Grand Championship Semi-Finals Champions Howard Jackson of California, Steve Kijewski of Chicago, Jeff Smith of Washington, D.C., and Johnny Lee of Detroit would now determine who would be $1,000 richer and win a spot on the United States Team. Each division first place winner already won a free trip to Las Vegas, worth over $500, and the right to be seated in the finals of Mike Stone’s National Four Seasons. Second places won $100 each with each third place winner receiving $50 for their efforts.

Ken Knudson, the Top 10 Nationals’ two-time Grand Champion could not defend his title due to a recent operation. He was still on hand, however, as his whole Black Belt team was present and accounted for The finals were covered by 4 television stations and seven 16 mm. movie cameras were also at ringside for the filming of various documentary movies and TV shows. An excellent job of public relations work was done by St. Louis’ Joan Adler who had arranged over two hours of television time for the Nationals prior to Saturday’s show. The first match pitted Vallejo, California’s Howard Jackson against Chicago’s Steve Kijewski with Jackson pulling off a 3-2 win. Next, light-heavyweight champion Jeff Smith met heavyweight Johnny Lee who fought each other to a 3-3 tie down to the final seconds. Lee charged and Smith executed a jump punch that hit Lee squarely in the face, hut, as Smith landed, his foot was out of bounds. This gave Lee the point and the victory.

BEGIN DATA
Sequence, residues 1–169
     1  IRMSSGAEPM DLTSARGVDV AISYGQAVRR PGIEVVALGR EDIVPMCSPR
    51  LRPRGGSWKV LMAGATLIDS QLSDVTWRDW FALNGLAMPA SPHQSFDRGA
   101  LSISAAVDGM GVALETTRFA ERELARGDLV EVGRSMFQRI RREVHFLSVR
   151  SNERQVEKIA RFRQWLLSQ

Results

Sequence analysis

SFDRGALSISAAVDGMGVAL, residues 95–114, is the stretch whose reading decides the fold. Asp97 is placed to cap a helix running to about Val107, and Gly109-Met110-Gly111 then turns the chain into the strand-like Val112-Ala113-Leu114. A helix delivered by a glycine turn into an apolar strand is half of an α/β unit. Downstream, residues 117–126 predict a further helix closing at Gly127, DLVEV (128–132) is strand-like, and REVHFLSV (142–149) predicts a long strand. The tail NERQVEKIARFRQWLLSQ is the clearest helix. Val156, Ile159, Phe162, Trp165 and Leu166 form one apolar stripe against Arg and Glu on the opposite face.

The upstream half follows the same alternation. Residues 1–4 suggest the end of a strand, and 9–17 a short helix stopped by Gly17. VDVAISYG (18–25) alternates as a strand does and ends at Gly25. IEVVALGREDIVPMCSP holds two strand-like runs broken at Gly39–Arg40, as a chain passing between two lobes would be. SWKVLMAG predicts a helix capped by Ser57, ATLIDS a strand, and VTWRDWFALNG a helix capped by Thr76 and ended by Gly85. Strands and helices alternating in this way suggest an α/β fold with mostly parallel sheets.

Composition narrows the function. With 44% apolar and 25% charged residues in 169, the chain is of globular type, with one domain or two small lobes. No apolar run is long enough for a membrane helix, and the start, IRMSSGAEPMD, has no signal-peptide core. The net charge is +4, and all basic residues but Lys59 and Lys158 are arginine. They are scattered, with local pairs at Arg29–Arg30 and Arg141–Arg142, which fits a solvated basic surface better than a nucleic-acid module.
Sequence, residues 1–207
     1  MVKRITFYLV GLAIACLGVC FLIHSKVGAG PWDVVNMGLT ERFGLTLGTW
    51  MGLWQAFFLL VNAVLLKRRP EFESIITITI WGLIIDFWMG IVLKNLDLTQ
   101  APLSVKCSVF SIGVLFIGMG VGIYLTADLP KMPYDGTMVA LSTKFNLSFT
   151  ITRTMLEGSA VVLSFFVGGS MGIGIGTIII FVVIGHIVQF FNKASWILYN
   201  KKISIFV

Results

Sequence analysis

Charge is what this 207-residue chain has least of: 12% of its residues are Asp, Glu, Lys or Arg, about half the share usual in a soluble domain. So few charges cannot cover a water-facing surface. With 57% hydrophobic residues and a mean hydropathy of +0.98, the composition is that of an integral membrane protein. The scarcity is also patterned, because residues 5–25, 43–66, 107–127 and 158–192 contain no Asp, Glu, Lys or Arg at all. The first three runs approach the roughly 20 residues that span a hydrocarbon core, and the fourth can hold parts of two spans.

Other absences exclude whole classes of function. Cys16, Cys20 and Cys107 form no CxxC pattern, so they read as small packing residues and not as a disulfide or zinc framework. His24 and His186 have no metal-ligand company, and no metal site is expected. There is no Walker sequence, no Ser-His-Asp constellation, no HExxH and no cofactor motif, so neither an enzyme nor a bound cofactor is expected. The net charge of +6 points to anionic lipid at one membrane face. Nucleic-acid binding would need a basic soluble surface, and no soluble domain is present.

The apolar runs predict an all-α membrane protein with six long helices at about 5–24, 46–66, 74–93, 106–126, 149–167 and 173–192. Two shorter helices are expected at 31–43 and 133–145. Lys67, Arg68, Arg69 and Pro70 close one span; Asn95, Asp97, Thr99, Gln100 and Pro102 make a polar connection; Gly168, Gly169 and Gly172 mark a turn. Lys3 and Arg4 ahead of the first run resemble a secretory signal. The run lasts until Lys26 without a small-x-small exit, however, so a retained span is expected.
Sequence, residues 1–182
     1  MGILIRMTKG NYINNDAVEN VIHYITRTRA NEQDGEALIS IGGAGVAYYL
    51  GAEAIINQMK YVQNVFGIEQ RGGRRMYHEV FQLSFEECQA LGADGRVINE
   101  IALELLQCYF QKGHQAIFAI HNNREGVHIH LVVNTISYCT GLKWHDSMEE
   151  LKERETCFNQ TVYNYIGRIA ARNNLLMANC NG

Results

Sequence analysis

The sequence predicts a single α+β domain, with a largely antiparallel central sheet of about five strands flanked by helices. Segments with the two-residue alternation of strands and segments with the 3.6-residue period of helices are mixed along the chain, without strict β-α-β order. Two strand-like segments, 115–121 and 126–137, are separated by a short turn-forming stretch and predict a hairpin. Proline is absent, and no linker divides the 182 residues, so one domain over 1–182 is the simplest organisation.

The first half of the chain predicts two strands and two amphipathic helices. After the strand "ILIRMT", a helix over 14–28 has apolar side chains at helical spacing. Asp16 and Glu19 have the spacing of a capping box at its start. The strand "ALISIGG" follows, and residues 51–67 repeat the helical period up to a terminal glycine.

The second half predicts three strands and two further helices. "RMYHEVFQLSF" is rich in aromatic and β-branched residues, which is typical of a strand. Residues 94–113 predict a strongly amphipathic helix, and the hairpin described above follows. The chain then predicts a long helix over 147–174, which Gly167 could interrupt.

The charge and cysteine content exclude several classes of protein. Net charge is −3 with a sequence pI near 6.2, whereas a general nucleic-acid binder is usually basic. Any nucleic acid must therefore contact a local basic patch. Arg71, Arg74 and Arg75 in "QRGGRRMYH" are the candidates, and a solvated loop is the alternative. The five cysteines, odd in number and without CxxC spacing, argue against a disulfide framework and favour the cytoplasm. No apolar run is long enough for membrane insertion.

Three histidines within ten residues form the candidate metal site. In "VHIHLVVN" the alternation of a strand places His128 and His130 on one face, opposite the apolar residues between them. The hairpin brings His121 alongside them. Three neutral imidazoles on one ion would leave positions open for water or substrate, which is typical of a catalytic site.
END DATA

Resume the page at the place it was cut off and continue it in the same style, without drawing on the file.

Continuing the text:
Grand Championship Finals HOWARD JACKSON (Vallejo, California) VS. JOHNNY LEE (Detroit, Michigan)
Both fighters, weary and exhausted, could not seem to muster up the energy to throw a kick, so the finals turned into a real slugfest. Both fighters striking each other time after time squarely in the face. Howard Jackson, 40 pounds lighter than his heavyweight adversary just dug his back foot into the ground to keep from being knocked out of hounds, and flailed away. Johnny Lee, who never once let a big friendly smile fade from his face, kept putting on the pressure. After three grueling rounds and a day of battle after battle of America’s top Karate professionals, Howard Jackson, the “California Flash,” pulled out a 6-4 victory over Johnny Lee to become the 1973 Top 10 National Champion and winner of tournament Karate’s biggest cash price in history.


JEFF SMITH – Representing Jhoon Rhee
JACK SWIFT – Representing Mike Foster
OWEN WAT-SON – Representing Thomas La Puppet

Professional Karate
This account was published inside Fall 1973 issue of Professional Karate magazine.